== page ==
Park Historian Jim Ogden will offer a 2 hour, 2 mile walking tour at 9:30 a.m. about Joseph Hooker’s demonstration against Lookout Mountain that begins along Parker Lane off Brown’s Ferry Road, south of Interstate 24 Exit 175 in Lookout Valley/Tiftonia; look for the “Special Event” signs at and on Parker Lane. He will also conduct a 2 hour car caravan tour at 3:30 p.m. following Sherman’s crossing of the Tennessee River and his assault on Billy Goat Hill near Missionary Ridge that begins at the Riverpoint Trailhead on the Tennessee Riverwalk at Lost Mound Drive in the 3800 block of Amnicola Highway.

Also, for visitors wishing to see the Cravens House and hear the stories related to the family and the “Battle Above the Clouds,” the house will be open from 9 a.m. to 5 p.m. 

Sunday, Nov. 22

Park rangers will continue leading 30 minute walking tours of Point Park at 10 a.m., noon, 2 p.m., and 4 p.m. Special 30 minute programs will also continue at the Ochs Museum inside Point Park at 11 a.m. and 3 p.m.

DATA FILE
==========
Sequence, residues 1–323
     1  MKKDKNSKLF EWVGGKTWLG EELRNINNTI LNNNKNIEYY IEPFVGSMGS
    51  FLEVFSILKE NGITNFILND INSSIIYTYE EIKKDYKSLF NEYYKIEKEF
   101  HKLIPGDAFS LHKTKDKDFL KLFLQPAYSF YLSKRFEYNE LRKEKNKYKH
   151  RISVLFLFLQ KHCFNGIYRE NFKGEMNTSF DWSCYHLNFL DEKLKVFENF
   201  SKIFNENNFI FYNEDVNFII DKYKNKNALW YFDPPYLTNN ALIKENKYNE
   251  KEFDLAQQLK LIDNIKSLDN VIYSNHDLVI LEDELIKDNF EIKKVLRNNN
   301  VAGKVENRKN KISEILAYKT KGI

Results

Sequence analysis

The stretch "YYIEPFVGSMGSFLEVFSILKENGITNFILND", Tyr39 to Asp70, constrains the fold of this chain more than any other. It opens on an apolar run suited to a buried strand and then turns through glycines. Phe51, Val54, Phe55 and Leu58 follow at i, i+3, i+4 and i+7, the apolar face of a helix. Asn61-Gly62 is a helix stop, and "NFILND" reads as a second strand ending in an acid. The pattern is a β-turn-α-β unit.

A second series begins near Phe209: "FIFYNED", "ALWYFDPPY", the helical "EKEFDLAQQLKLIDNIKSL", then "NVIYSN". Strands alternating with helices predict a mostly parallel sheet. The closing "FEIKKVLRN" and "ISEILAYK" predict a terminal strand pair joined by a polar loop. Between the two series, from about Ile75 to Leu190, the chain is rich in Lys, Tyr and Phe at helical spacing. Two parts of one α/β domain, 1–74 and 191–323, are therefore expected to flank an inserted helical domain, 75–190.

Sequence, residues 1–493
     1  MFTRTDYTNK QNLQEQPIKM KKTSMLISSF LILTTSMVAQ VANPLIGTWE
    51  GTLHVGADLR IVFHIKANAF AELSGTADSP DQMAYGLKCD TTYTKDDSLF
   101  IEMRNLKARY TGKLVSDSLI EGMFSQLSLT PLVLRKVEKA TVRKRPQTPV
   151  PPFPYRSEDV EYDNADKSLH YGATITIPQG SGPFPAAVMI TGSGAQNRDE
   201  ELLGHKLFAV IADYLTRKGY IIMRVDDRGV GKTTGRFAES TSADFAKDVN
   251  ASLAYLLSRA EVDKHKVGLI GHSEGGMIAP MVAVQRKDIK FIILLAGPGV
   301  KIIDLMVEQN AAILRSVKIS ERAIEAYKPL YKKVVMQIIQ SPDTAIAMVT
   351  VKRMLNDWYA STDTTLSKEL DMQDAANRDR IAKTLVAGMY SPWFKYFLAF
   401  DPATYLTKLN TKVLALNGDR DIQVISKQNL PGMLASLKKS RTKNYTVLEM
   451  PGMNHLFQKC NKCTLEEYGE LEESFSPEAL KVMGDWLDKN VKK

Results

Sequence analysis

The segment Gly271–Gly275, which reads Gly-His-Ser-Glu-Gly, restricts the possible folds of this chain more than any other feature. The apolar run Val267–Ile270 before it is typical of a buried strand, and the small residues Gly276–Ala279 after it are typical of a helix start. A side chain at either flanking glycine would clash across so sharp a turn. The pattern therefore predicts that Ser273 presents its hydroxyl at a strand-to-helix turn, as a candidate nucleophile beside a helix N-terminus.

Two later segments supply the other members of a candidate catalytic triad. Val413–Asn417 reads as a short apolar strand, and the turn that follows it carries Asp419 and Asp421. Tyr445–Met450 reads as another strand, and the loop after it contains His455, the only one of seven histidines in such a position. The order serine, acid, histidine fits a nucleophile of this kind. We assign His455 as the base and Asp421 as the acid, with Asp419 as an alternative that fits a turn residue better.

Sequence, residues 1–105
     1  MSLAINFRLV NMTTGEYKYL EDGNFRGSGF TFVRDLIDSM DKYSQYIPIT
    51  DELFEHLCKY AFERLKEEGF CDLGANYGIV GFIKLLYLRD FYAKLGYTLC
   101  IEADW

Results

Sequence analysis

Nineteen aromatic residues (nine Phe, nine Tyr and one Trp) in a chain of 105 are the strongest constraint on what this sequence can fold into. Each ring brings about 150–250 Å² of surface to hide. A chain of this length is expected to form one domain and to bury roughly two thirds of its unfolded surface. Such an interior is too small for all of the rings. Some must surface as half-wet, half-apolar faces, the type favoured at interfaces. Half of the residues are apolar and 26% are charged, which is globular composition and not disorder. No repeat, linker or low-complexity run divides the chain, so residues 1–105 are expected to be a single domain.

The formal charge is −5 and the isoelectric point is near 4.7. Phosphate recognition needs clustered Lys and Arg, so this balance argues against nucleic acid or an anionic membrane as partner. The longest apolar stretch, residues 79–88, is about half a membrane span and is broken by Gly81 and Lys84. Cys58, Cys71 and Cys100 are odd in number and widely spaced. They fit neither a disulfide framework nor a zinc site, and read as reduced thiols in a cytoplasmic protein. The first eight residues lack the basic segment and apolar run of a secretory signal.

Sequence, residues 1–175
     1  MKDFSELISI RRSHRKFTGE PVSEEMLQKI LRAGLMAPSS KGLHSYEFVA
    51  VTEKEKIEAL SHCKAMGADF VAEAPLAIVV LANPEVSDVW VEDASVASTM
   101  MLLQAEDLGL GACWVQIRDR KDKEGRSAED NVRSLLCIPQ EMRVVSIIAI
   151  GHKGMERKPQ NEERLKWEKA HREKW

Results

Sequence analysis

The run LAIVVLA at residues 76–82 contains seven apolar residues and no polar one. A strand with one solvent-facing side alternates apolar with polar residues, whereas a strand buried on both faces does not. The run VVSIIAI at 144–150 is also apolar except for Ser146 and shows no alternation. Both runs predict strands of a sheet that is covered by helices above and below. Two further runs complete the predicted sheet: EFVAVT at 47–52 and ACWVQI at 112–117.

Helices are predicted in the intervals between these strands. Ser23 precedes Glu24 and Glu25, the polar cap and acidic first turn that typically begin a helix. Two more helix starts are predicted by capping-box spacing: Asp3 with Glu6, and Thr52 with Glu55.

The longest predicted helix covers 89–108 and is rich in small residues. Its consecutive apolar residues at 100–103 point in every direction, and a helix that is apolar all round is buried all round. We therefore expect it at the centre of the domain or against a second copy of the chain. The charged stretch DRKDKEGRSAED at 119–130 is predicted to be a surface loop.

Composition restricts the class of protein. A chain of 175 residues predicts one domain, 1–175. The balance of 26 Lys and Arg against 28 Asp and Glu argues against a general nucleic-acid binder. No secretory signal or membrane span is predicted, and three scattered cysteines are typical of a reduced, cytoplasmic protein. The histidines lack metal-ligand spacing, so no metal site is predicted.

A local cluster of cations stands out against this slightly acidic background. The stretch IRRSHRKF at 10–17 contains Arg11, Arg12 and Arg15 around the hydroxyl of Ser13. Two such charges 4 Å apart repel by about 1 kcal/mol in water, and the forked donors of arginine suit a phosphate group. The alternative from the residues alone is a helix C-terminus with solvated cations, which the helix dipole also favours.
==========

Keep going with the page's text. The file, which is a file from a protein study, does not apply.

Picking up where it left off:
Park Historian Jim Ogden will lead a 2 hour, 1.5 mile walking tour of Sherman’s assault on Tunnel Hill at 10 a.m. and a 2 hour, 1 mile walking tour at 2 p.m. covering the defense of Tunnel Hill by Confederates under the command of General Patrick Cleburne.  Both programs begin at the Sherman Reservation parking area in the 2800 block of Lightfoot Mill Road just off Campbell Street/North Crest Road.

Also, for visitors wishing to see the Cravens House and hear the stories related to the family and the “Battle Above the Clouds,” the house will be from 9 a.m. to 5 p.m.